"What's that odd noise? That's not how my car/hard drive/dishwasher/printer usually sounds."
"Hey, what's going on. My screen's all blue!!"
"No, no, no. Wait, that's not populating the table right. Where's the data I entered?!?"
When something breaks (the air conditioning unit in my condo, the fuel pump on my much loved, but ancient car) or doesn't work (the new software app that I need to use for a deliverable) it can bring out some pretty strong emotions. Pressure isn't pretty especially when it brings out my much suppressed bratty inner two year old. Pressure begets pressure so what's the next step? It's to call for help and exert as much pressure as is humanly possible on the person who answers your call to get a quick resolution. What happens next depends on both the technical knowledge and customer service skills of the customer service, technical support, or field service rep.
Customers want a technical solution. Absolutely! I know I do. But that's not all I need. I need to have "non-technical" issues resolved as well. Call it a Customer's Bill of Rights:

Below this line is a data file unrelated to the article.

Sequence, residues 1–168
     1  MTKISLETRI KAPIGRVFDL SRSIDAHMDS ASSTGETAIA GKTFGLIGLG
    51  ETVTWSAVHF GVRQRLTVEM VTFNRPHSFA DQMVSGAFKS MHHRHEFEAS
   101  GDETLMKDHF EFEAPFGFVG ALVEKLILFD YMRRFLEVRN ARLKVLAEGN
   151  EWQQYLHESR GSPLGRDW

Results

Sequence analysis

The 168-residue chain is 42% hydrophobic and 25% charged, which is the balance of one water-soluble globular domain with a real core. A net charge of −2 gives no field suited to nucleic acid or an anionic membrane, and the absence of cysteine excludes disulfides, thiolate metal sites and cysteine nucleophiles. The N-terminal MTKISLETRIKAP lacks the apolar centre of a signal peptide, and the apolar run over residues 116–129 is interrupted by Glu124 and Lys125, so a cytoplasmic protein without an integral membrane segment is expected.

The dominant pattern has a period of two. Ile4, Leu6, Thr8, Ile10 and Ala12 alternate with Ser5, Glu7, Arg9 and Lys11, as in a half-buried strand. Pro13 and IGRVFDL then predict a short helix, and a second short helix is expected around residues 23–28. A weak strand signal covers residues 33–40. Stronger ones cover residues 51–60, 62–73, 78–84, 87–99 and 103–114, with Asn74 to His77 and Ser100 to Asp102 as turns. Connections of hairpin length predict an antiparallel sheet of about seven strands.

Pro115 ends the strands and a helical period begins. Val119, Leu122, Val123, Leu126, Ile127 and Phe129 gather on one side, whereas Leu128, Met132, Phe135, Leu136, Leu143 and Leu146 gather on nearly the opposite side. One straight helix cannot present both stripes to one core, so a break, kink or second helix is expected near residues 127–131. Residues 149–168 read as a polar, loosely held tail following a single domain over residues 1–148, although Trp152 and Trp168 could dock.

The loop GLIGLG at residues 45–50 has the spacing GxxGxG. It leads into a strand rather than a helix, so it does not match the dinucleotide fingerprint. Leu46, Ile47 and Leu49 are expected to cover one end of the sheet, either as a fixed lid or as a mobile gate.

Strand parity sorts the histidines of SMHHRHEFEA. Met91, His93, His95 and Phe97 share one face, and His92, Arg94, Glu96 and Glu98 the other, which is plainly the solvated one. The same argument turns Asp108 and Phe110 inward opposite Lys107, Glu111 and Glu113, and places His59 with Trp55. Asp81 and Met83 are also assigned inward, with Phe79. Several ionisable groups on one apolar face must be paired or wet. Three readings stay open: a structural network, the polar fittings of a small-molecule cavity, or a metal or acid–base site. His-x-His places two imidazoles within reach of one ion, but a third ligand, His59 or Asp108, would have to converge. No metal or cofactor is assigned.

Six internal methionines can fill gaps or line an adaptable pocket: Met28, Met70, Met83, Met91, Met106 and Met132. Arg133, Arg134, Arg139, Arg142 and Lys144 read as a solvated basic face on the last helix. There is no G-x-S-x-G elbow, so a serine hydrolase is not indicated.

- I want to feel that you've listened to me and tried to understand the problem.
- I want to feel you've taken my problem seriously (even if it's simple to you). I appreciate confidence, not arrogance.
- I want to be treated with respect, not condescension. Even if it turns out to be user error (which never seldom sometimes usually is the case with me) it makes me feel a part of the solution if the support rep has a conversation with me, not just asks a string of questions.
- And I want timely action. I don't expect miracles. Rumor has it that some customers may, but I'm really reasonable. I just want to know that there is some action being taken, that we're moving toward a resolution.
The perfect mashup? I want both technical support and customer service strengths. I'd like to be helped by someone with solid technical knowledge and experience, excellent communication and problem solving skills, empathy for my situation, a sincere desire to serve and an unflinching focus on my customer experience and satisfaction. Is that asking too much?